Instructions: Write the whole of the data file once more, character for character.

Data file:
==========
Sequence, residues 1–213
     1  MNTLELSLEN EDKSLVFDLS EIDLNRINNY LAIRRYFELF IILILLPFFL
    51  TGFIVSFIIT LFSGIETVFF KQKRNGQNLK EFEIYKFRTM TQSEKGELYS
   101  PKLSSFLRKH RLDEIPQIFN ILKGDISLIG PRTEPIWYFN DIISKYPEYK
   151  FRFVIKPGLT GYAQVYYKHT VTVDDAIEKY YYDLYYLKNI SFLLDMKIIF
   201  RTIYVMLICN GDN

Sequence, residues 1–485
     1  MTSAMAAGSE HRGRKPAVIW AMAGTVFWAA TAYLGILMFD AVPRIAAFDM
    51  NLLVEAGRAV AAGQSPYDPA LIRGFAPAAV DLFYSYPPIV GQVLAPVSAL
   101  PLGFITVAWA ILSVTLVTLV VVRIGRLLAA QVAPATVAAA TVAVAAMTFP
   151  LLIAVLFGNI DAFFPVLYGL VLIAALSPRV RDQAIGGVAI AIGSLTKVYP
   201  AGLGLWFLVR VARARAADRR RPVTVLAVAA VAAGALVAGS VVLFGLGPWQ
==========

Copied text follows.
Sequence, residues 1–213
     1  MNTLELSLEN EDKSLVFDLS EIDLNRINNY LAIRRYFELF IILILLPFFL
    51  TGFIVSFIIT LFSGIETVFF KQKRNGQNLK EFEIYKFRTM TQSEKGELYS
   101  PKLSSFLRKH RLDEIPQIFN ILKGDISLIG PRTEPIWYFN DIISKYPEYK
   151  FRFVIKPGLT GYAQVYYKHT VTVDDAIEKY YYDLYYLKNI SFLLDMKIIF
   201  RTIYVMLICN GDN

Sequence, residues 1–485
     1  MTSAMAAGSE HRGRKPAVIW AMAGTVFWAA TAYLGILMFD AVPRIAAFDM
    51  NLLVEAGRAV AAGQSPYDPA LIRGFAPAAV DLFYSYPPIV GQVLAPVSAL
   101  PLGFITVAWA ILSVTLVTLV VVRIGRLLAA QVAPATVAAA TVAVAAMTFP
   151  LLIAVLFGNI DAFFPVLYGL VLIAALSPRV RDQAIGGVAI AIGSLTKVYP
   201  AGLGLWFLVR VARARAADRR RPVTVLAVAA VAAGALVAGS VVLFGLGPWQ